Thanks for your question. Of course, people like Witten or Jaffe are difficult to get in touch. They have a lot a people bothering them and I would avoid to be one of them. The only person that recognised correctness of part of my work has been Terry Tao that was really helpful in all this matter. I am grateful to him for this. Since then, I produced a lot of papers on QCD based on my work and most of them went through reputable journals. In complete respect with the rules of the community, I wait for further comments from my peers.

Cheers,

Marco

]]>Nice to hear from you again. Thanks a lot for your interest about my work. The choice of that frequency was not aimed to any experiment around. What I did is to take one of the excitation frequencies of the cavity and put it into the equation. The greater the better to see if the effect was in the realm of observability. I am convinced that a part of the effect seen at EW is due to this but the rest is possibly in need of further explanation by more mundane effects.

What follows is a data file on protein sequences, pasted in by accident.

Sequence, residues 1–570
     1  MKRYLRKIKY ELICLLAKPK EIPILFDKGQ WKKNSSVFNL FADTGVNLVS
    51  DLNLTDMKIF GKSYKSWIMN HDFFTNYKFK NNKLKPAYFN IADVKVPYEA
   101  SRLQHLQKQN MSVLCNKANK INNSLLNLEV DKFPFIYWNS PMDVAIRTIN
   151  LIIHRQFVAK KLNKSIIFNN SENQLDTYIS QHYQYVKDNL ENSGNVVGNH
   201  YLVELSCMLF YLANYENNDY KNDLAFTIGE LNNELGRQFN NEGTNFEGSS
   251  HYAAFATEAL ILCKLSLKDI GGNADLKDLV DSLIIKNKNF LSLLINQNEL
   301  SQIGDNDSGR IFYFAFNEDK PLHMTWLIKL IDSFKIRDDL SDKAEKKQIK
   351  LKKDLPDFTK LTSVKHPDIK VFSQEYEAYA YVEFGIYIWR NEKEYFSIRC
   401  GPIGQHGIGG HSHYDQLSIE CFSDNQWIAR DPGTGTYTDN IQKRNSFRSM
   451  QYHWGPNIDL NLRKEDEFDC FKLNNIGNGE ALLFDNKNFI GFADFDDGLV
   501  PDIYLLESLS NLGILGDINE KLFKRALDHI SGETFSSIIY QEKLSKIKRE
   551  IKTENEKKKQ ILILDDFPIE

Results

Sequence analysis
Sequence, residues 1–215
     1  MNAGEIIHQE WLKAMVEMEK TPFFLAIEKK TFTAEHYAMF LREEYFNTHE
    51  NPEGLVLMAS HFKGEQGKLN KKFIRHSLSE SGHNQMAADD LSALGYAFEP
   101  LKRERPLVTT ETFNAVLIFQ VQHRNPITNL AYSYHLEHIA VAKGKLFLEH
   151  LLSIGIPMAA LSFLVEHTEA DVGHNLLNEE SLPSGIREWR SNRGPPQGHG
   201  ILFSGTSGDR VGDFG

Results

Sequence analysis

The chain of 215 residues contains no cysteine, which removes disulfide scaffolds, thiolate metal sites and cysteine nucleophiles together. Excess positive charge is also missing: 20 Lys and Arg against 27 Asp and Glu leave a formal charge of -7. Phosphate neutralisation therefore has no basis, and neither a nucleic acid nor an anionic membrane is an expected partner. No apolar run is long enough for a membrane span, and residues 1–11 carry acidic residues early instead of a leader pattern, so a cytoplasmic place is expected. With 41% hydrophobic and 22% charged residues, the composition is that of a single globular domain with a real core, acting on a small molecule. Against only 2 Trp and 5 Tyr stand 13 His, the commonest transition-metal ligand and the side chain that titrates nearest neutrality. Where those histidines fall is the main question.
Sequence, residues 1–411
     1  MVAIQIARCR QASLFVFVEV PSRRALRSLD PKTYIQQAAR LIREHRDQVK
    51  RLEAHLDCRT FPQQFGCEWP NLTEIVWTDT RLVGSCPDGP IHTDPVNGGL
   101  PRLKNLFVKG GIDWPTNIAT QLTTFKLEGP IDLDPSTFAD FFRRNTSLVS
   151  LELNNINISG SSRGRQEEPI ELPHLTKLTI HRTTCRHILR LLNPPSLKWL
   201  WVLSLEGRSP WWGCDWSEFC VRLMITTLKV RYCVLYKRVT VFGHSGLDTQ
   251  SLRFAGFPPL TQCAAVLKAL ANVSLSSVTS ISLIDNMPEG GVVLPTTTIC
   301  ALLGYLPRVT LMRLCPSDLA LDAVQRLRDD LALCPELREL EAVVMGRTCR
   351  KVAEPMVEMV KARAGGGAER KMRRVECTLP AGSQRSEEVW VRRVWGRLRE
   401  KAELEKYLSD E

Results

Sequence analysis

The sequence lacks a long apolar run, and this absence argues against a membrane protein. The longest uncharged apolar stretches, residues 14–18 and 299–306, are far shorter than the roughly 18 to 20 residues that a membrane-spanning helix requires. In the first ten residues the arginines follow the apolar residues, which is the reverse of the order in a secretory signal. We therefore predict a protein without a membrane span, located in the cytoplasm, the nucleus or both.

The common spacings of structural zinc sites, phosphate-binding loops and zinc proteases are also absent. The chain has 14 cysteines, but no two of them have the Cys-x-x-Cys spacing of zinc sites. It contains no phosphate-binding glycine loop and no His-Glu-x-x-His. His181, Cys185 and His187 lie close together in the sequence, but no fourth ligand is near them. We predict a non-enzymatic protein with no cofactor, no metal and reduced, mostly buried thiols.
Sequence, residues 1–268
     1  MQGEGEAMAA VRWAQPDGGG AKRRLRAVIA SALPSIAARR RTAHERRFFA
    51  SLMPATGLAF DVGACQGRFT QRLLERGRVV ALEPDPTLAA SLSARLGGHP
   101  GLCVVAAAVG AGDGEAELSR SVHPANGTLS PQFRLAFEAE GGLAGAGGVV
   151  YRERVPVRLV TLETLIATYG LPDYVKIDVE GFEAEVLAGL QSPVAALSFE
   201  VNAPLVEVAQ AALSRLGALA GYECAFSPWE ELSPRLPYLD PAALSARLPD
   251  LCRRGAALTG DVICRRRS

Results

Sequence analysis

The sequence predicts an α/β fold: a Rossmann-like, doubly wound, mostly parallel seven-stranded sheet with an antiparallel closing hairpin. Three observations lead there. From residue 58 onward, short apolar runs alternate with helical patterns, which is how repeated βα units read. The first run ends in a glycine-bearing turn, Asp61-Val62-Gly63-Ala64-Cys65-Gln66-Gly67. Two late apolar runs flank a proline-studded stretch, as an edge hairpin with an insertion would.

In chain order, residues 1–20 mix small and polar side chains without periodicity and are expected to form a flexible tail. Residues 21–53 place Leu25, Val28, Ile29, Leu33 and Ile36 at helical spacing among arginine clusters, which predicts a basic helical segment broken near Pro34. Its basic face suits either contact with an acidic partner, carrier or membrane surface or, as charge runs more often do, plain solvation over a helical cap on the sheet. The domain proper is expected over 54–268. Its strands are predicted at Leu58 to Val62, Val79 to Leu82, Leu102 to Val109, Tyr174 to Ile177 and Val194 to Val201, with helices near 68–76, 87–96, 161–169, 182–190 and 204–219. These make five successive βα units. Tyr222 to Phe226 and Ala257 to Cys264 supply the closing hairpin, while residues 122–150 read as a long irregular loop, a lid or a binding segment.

Marco

]]>On page 14 of your paper (http://arxiv.org/abs/1505.06917v1) you consider a frequency of

ν = 210.423537 GHz

instead of the frequency tested by NASA (which was 2 GHz, or 100 times smaller). Is this a typo on the paper? or otherwise, why consider a frequency that is 100 times higher than tested?

Jose’ Rodal, Ph.D.

]]>Thanks a lot for pointing out my post about this matter. The idea is that the quantum field theory of the quartic scalar field is exactly solvable when not interacting with other fields and this yields the spectrum of the theory itself. The point is that other fields can change this spectrum, mostly for higher excited states. Anyhow, the spectrum for the Lagrangian of the Higgs field has the form being an integer, and . If you take and fix you will get , it is not difficult to verify that for you will get the right value of mass of 750 GeV. But this just applies to a self-interacting Higgs field without any other field as said.

Marco

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